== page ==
Negotiating the Digital Transformation of Work: Non-Standard Workers’ Voice, Collective Rights and Mobilisation Practices in the Platform Economy
EUI Working Paper MWP 2019/03
49 Pages Posted: 21 Jun 2019 Last revised: 2 Mar 2021
Date Written: June 12, 2019
This paper attempts to grapple with the collective dimension of the phenomenon of the digital transformation of work. In particular, it explores the relevant legal framework, as well as practical obstacles and concrete responses to the process of “platformisation” of labour. It questions why and for what collective bargaining may be a viable tool to “negotiate” the direction(s) of this paradigm shift. In particular, it focuses on institutional approaches that pursue inclusive and engaging strategies aimed at organising across labour market segments. It also discusses the extent to which trade unions are interested in the fate of non-standard workers, what strategies they follow and what tools they employ. At the same time, it maps other actions and initiatives carried out by self-organised groups. It focuses on the actors and factors which either hinder or facilitate the development of solidarity.
The topic of mobilisation has been a central interest of academics in the fields of industrial relations, labour sociology and social movement studies. By adopting an empirical approach and a cross-disciplinary analytical lens, this work places itself at the crossroads of these disciplines.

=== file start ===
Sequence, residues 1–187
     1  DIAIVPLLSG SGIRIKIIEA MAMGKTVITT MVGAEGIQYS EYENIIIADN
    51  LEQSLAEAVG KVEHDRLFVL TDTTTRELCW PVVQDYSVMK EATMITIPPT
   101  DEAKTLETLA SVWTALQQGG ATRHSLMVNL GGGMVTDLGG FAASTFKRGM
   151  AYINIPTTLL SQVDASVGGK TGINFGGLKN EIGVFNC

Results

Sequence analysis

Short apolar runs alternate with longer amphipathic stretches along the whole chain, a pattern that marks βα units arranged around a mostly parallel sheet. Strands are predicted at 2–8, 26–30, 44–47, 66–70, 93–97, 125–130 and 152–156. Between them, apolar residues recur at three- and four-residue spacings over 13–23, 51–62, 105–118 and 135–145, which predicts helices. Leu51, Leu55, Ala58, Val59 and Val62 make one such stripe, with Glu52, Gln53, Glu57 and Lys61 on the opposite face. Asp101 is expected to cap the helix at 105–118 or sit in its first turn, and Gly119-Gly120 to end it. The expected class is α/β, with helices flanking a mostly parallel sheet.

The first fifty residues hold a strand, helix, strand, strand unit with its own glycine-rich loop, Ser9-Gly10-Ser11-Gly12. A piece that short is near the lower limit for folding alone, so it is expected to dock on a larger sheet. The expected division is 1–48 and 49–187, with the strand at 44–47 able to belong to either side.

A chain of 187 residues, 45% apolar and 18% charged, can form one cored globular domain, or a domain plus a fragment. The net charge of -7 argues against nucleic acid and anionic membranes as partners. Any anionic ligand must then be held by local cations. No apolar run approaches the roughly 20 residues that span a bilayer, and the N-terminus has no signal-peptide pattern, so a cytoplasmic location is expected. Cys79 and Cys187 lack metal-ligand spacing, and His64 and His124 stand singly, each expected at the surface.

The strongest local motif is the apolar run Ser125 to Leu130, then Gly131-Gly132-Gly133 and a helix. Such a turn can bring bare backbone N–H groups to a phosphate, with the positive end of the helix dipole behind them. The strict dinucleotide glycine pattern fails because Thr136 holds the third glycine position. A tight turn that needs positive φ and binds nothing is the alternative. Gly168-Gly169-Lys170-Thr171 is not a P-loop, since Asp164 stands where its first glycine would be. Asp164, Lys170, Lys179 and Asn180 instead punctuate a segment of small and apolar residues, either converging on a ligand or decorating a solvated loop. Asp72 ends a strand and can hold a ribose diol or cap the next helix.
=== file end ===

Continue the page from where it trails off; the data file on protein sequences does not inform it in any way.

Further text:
The paper is organised as follows. After providing an outline of the main implications of the spread of new technologies and its impacts on employment relationships, part 2 explores the legal framework regulating collective rights, by considering a number of supranational systems of regulation and discussing the potential impediments arising from a narrow interpretation of antitrust immunities and restrictions. However, practical, in addition to legal, obstacles hamper or make less attractive the exercise of fundamental freedoms for non-standard workers. Accordingly, after describing current difficulties, principal actors, key actions and success factors in a selection of European countries, part 3 assesses recent initiatives and achievements. Finally, part 4 sets out the paper’s key conclusions by estimating future developments and offering policy pointers.
Keywords: collective bargaining, gig-economy, social partners, platforms, digital transformation, mobilisation
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